IoT Plug and Play support for Azure IoT Edge devices in IoT Central

In a previous blog, I already gave an introduction about the benefits of IoT Plug and Play (IPnP).

IoT Plug and Play enables solution builders to integrate IoT devices with their solutions without any manual configuration.

It introduces a model as a public description of a device. This device model advertises the capabilities of the logic on your IoT device like telemetry, properties, and commands. These elements are bundled as an interface. These interfaces are described using the Digital Twins Definition Language (DTDL).

Implementing IPnP in your solution is not that hard. The Azure IoT Device SDKs have you covered. Just interact with the cloud as usual. Only, when setting up the connection, the device exposes a ModelId. This id is compared with public models available in a repository so the actual model can be restored.

Azure IoT Central supports the capability models using the concept of device templates.

Next to direct-internet-connected devices, Azure IoT also support this concept of edge compute:

The way Azure IoT Edge devices are connected to the cloud differs quite a lot.

Azure IoT Edge devices lack the support for a ModelId. So there is no direct reference to any model is a model repository. But each type of edge device comes with a Deployment Manifest, describing the logic to be rolled out on the edge device and related settings.

These differences have an impact on how to implement IoT Plug and Play device templates.

Let’s see how to get started with IPnP for edge devices in IoT Central.

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IoT Plug and Play, modeling IoT Central devices

If you have built an IoT Device yourself and are finally able to send telemetry to the cloud, you should be familiar with the scenario where you have to repeat the hard work of describing the messages all again on ingestion.

IoT Devices expose D2C telemetry and it can also support C2D communication. This interface is most of the time unique for that device. To be able to get insights from a device you have to be able to react to its interface.

Wouldn’t it be nice if a device was able to provide metadata about its interface once it connects to the cloud? This way, the incoming D2C telemetry could automatically result in e.g. a full user interface. And all C2D output could be represented by pre-configured input controls.

With IoT Plug and Play this is all possible:

IoT Plug and Play enables solution builders to integrate smart devices with their solutions without any manual configuration. At the core of IoT Plug and Play, is a device model that a device uses to advertise its capabilities to an IoT Plug and Play-enabled application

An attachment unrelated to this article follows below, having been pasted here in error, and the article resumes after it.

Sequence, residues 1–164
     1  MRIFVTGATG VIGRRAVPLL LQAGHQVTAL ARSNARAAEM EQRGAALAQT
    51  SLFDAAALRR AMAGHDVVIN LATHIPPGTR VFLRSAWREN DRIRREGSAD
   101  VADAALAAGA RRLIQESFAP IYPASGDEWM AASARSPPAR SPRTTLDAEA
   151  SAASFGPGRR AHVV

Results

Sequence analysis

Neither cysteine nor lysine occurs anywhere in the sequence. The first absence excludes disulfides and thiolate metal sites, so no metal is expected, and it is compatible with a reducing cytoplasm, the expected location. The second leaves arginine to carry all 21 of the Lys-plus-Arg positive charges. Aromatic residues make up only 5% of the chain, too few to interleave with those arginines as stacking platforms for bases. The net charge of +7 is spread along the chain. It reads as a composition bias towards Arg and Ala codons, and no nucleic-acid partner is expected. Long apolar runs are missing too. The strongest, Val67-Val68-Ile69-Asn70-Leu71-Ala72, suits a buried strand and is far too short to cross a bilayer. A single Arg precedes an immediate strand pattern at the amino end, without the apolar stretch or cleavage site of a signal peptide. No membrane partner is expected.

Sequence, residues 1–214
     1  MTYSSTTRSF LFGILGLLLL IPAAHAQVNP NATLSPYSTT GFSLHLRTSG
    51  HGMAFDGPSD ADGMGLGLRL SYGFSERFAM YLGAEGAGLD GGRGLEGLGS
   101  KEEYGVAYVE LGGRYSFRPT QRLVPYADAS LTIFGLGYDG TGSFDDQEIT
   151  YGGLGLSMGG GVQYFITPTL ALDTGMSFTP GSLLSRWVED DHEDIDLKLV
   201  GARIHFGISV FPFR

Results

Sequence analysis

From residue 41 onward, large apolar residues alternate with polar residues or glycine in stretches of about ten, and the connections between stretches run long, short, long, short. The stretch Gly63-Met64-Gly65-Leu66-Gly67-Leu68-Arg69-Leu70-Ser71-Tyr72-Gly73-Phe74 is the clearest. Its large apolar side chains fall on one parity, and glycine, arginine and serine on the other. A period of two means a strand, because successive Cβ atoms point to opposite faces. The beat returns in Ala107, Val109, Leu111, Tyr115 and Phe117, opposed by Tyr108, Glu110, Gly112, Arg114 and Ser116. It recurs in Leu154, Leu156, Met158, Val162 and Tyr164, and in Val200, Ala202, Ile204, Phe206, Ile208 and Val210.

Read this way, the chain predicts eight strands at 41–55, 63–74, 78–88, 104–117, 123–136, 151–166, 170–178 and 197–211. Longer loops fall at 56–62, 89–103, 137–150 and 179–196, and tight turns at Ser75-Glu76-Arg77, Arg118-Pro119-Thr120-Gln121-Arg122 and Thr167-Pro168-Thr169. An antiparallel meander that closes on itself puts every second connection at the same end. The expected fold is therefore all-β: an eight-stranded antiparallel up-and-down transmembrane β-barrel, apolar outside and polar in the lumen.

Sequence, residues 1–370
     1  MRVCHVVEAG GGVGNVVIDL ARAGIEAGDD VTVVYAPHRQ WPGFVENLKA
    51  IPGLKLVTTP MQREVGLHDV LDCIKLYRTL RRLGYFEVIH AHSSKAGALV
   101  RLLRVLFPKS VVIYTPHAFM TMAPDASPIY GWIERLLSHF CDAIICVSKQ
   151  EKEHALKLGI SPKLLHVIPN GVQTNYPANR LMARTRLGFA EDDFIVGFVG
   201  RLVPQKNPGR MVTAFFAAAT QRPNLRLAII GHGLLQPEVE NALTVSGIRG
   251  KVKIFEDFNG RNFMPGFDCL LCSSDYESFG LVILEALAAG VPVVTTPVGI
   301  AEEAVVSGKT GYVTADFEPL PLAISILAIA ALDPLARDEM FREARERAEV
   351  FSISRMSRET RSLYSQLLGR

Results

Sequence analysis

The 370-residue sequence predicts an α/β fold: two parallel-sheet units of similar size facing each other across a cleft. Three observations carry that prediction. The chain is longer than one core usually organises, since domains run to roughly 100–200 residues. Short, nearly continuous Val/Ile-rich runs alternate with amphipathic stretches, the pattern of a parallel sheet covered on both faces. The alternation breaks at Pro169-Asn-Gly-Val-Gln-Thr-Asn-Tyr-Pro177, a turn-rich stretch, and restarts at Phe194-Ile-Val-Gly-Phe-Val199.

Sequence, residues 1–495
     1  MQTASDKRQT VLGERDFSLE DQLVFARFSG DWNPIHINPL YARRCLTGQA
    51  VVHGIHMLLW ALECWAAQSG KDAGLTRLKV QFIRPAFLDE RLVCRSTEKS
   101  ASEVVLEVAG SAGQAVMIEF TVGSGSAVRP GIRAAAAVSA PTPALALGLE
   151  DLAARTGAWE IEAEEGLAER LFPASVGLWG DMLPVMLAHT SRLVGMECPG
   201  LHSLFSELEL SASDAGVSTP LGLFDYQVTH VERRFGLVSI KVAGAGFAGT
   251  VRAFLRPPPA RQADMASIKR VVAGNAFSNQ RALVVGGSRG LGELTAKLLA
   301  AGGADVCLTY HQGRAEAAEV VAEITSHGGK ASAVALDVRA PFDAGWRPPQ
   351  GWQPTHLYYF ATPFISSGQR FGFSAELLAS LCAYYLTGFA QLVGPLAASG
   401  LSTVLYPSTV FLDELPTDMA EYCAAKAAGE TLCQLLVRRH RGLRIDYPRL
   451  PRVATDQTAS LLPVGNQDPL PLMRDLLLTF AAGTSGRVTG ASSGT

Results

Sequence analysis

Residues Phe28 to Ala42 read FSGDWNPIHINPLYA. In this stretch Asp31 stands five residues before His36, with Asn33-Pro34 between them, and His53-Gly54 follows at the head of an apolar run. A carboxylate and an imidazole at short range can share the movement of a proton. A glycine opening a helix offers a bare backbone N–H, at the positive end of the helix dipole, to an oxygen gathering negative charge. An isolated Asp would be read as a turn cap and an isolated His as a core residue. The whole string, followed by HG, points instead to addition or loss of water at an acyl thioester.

https://docs.microsoft.com/en-us/azure/iot-pnp/overview-iot-plug-and-play

Microsoft provides a way to describe the interface of a device and annotate every feature.

To experience how this works, we will look at the best example: Azure IoT Central.

This SaaS IoT Dashboard makes perfect use of the ability how devices can expose their meta-model.

Let’s see how.

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Azure IoT Central bridge for The Things Network

During the last The Thing Conference back in January in Amsterdam, The Netherlands, I spoke with the team of Tektelic. I got this smart room sensor from them to experiment with:


This sensor works with Lora and has some neat features. The sensor reads eg. temperature and humidity of the room it is placed in, but it also has a few other sensors. One of these is a magnetic switch.

It’s this sensor I am interested in. I want to see if a door is left open (and maybe putting a big, loud horn next to it…):

Today, I decided to connect this module to Azure IoT Central. For this, we use the Azure IoT Central Bridge.

I already blogged about this bridge where I connected to the Partical cloud. This time, I show how to connect to The Things Network cloud:

These are the steps we have to execute when connecting:

  1. Connect the Tektelic Room sensor to The Things Network
  2. Convert the byte array with data into a JSON message
  3. Setup an IoT Central App
  4. Setup the IoT Central Bridge
  5. Modify the bridge so it can handle TTN messages
  6. Setup a TTN webhook integration to the bridge
  7. Create a Device capability model for our room sensor
  8. See the influx of telemetry in IoT Central

Yes, there are a lot of small steps to perform. But I did the heavy lifting for you so it should be easy to follow.

Let’s see how to detect if a kitchen door is left open…

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